8/10/2009 12:54am, #1
- Join Date
- Jul 2009
"Lynn Valley Martial Arts", North Vancouver, BC, Canada
So, as my first contributive post to Bullshido, I decided to review a Krav Maga/MMA dojo I've been training at for a couple years and provide my thoughts behind the ratings. Admittedly, it is a bit of a flawed review, as I am only able to train there a few months at a time before I head back to Ontario for school, but it's the best dojo/gym I've ever trained at. That being said, favouritism takes precedence
Aliveness - 8:
This one's an interesting category because I think it should be called combat intensity, or at least that's what I'm going to consider it to be. Anyways, the combative intensity varies significantly depending on the mood those involved are in. There aren't that many regular fighters - probably 7 or 8 of us in total - but the intensity corresponds to the mood we're in, from some non-striking groundfighting, to gloves, shinpads and (sometimes) headgear for stand-up. Regulations are restricted by what the fighters are willing to tolerate and are often supervised by an instructor.
Equipment - 6:
Good quality equipment provided - tombstones, kicking pads, gloves, stand-up punching bags, well-maintained mats (aside from occasional stubborn bloodstains), rubber knives/guns - with some additional equipment available for purchase.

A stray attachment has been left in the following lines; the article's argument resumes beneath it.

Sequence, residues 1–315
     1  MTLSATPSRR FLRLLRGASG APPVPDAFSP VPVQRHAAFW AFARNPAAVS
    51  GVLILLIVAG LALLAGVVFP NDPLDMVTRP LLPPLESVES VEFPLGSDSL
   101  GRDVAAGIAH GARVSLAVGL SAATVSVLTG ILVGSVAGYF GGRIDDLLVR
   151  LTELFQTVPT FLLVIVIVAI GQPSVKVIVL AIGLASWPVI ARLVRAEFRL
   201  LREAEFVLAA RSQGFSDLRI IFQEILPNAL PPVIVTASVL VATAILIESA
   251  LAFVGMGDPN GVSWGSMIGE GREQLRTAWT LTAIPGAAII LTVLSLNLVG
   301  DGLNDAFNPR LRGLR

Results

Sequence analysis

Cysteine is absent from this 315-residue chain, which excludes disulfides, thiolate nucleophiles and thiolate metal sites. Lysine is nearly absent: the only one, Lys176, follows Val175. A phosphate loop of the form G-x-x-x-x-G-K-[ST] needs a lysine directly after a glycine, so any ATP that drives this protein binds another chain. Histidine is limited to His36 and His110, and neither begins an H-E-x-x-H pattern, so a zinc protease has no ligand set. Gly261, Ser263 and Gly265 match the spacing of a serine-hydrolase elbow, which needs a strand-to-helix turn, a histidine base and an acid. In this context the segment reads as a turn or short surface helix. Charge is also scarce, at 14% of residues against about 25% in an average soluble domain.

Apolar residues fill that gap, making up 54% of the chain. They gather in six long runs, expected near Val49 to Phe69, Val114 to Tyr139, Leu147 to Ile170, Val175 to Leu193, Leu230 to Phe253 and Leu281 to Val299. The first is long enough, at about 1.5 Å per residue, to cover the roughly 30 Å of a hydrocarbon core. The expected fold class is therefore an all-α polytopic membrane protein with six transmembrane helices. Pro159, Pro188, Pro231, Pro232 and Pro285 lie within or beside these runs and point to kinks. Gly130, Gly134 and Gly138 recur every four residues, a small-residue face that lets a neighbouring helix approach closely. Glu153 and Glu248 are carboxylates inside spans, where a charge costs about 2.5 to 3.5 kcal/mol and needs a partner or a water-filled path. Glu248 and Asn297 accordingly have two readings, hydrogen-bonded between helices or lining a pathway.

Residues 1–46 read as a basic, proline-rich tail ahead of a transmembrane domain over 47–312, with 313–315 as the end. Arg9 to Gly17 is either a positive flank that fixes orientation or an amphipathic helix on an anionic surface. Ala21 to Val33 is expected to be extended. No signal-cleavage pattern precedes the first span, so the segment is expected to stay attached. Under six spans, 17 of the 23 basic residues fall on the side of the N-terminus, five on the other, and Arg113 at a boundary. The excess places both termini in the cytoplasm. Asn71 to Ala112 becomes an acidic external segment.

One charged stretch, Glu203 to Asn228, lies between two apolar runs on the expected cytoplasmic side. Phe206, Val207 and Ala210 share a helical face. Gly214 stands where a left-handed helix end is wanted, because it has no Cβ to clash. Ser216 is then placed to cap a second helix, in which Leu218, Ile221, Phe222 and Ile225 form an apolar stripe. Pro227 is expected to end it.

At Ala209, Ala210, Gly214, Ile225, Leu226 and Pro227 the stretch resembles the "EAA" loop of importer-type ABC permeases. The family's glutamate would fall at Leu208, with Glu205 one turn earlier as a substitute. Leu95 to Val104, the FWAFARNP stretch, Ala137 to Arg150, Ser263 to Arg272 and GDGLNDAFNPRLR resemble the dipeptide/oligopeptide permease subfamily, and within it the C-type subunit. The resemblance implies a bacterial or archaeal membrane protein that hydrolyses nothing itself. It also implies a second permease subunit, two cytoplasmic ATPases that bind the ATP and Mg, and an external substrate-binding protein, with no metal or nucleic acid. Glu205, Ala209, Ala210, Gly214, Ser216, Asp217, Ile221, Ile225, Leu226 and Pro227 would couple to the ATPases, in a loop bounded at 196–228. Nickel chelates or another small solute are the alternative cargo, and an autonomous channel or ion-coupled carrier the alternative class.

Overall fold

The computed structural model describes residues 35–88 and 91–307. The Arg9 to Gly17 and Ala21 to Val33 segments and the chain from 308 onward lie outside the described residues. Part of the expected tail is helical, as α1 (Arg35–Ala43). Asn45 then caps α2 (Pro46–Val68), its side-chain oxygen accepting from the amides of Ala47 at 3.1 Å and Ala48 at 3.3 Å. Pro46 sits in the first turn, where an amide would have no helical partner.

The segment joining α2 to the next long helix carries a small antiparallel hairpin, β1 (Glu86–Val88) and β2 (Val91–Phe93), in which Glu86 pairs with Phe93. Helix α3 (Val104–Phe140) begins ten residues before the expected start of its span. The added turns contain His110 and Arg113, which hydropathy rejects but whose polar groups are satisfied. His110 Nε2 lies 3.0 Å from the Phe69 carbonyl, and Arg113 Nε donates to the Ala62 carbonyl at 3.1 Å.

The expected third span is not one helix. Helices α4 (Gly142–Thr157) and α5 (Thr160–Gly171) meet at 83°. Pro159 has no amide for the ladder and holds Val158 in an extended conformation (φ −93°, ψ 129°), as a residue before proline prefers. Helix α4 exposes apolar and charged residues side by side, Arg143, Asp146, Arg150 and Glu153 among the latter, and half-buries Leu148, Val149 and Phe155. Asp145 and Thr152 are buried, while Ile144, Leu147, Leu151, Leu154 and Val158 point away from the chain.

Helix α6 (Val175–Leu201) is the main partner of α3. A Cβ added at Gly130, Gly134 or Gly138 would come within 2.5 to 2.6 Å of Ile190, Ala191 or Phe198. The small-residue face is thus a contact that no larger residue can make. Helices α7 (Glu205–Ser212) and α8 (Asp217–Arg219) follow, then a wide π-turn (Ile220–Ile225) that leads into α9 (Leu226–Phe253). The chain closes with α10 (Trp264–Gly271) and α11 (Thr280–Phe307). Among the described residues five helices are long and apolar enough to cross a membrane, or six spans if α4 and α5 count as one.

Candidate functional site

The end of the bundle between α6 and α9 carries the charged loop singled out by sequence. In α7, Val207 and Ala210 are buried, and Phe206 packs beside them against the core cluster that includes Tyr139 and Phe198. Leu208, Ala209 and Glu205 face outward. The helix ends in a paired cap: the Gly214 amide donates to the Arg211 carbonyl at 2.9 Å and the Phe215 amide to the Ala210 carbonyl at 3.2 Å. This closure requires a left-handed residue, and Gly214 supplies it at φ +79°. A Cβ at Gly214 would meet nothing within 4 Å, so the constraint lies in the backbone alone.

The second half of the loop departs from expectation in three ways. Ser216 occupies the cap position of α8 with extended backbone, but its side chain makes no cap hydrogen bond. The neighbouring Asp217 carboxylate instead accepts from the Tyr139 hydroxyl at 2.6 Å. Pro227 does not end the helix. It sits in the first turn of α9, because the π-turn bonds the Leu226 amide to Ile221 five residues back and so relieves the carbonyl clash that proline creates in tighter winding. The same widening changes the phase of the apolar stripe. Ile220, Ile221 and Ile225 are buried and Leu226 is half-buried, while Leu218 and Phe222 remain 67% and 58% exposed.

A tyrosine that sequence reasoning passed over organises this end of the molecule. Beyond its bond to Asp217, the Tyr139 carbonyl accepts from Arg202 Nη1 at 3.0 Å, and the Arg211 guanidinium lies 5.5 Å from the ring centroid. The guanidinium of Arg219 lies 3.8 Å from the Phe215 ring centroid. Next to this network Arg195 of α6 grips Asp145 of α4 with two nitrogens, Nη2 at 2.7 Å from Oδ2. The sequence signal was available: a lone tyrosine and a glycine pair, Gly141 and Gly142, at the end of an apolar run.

Gym Size - 6:
It's big enough for four or five very energetic roly-poly groundfights.
Instructor/Student Ratio - 7:
I'm not sure what an objective classification for a "large" class would be, but a large class to me is about one instructor and an assistant for 16-18 people. In our dojo, we generally have 8 - 12 people, with one or two instructors, at least two assistants, and experienced students provide positive support when paired with less-experienced ones.
Atmosphere/Attitude - 8:
There is no judgement applied to newbies; my greatest critic when I began was myself. Generic "orders" are given that often push you to your limit - many of the workouts are intended to be nearly impossible just to keep you constantly moving - but that is the most invasive an interaction will get.
Striking Instruction - 7:
Striking training focuses more on the training element until you demonstrate some initiative and spar with others on your own, but strikes use all points of the body (though we do seem to prefer the knee).
Grappling Instruction - 7:
Groundfighting instruction is based on what situations you get into when you simply try to make your opponent submit. A few moves are taught and run through a few times at the beginning of instruction (after the "warm-up"); after, students are loosed on each other in varying size/weight pairings.
Weapons - 4:
We do some rubber knife fighting and some rubber/metal gun fighting. Nothing really serious and techniques are more often oriented toward the unarmed individual (disarming), but we do learn strikes and have "free assault" time where we just run around trying to stab each other. Also, the drills aren't compliant (or 3-like)
Overall - 6.875:
Worth your time and money, and will push you for a good training session almost every single time you go; I was unable to write my name while signing the papers when I began training, but have since reduced this to simply shaking involuntarily. There is a team you can join to be trained for international competitions if that is what you're interested in, and, as of September of this year, you must fight a "rhinoman" (or well-padded person) while unprotected yourself to move up in levels.
Let me know if there's anything about the dojo I missed or elabourated on anything inappropriately. I understand the objective system's intent, but I can't say for sure I've clicked with it intuitively. I'm also really frigging tired right now.